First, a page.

You’re a writer and you’ve got loads of ideas. Congratulations! Now what?
How do you get started once you start writing? How do you stay on track?
Writing is tough work, so here are five of my favorite writer hacks for getting more words written—FASTER!
1. Plan ahead.
Some writers think outline is a dirty word, but I love the approach.
It’s fine to free-write when you’re exploring ideas, but when you sit down to write your next book, you should have the beginning, middle and end written down.
Not only that, you should have important scenes scoped out.
Knowing WHAT to write each day will greatly speed your writing and boost your word count.
2. Write, don’t edit.
Anne LaMott in her book, Bird By Bird, says to write a shitty first draft.
Using your outline, write as fast as possible without going back and rereading.
Why? Because different parts of your brain light up when you’re in a free-flow writing state.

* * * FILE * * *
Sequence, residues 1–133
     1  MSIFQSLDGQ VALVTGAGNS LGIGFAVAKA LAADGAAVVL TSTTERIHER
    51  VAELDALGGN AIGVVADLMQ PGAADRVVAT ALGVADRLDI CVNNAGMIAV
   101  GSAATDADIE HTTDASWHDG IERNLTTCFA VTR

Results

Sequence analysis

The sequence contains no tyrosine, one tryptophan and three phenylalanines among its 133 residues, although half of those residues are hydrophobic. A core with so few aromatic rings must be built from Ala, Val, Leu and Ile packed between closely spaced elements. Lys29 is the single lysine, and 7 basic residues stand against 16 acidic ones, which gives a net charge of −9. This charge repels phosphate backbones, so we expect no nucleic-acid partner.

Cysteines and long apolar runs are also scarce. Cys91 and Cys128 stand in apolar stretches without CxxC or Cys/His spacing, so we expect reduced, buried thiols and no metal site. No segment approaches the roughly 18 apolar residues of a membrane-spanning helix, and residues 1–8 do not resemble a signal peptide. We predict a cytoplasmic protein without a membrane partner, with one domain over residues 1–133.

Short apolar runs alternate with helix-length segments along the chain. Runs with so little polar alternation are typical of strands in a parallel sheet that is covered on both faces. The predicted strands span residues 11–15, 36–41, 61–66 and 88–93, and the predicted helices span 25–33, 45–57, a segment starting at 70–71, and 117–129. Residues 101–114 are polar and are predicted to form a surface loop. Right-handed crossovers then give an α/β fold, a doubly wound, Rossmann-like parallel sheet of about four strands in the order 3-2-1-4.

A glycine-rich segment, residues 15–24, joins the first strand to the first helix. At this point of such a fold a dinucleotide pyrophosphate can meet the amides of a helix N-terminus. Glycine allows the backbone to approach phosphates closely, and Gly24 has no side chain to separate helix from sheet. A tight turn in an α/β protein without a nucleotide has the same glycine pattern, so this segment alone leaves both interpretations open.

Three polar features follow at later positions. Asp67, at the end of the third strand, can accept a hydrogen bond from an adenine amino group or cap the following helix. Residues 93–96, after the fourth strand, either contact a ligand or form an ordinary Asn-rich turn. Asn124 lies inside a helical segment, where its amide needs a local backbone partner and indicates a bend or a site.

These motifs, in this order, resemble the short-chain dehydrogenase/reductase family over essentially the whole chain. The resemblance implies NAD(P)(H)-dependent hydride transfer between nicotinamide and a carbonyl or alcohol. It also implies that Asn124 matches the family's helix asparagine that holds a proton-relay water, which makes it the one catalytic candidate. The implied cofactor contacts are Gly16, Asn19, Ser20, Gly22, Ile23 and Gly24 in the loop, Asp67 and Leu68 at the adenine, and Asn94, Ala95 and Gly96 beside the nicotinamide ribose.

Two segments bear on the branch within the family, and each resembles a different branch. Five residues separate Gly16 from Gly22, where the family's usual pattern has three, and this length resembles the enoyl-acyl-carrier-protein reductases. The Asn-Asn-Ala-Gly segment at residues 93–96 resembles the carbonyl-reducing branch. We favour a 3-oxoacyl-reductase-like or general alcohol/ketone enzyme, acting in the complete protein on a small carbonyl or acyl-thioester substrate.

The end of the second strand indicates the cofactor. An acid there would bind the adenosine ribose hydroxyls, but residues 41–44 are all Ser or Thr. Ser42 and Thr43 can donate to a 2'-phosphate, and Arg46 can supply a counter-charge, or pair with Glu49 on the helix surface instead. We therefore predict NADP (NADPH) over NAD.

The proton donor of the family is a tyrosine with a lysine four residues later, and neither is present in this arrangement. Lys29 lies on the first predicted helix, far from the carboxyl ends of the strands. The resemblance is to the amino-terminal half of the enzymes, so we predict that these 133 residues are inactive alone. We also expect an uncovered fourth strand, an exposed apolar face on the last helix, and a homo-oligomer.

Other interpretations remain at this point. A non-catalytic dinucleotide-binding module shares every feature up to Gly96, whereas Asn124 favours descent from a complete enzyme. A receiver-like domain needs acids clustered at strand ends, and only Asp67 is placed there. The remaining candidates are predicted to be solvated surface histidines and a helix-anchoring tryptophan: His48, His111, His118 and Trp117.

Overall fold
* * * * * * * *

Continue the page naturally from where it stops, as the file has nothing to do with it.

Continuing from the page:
Switch to editing, and your more analytical, logical side appears. And she can be grumpy and not as much fun as writer brain!
So, keep writing and editing separate.
3. Write in timed sprints.
I love Pomodoros—timed sprints for getting focused work done.
Set a timer for 25 minutes (or however much time you have) and write like a BEAST.
Then stop and take a five minute break and then repeat. You’ll be amazed at how much you can get done.
4. Use a passive voice checker.
Passive voice and using adverbs are just a few of the things we should avoid in our writing.
There’s a great free app called Hemingway app. Just plug Hemingway app into Google and you’ll find it.
The tool will help you come up with simpler phrasing and improve your writing.
If you want to get more advanced, I use Grammarly premium for editing.
5. Hire an editor.
Nothing can accelerate your writing process like finding a writing coach or a structural editor.
Yes, you have to pay for it, unless you can arrange some kind of skill trade. And no, your aunt who taught English twenty years ago might not be the best choice.
You want to find someone who enjoys reading books in your genre. Someone who understands what readers are looking for. Bonus if they are market savvy and can help you better tailor your book so that readers want to keep reading once they start.
I hope this short video helped you today.
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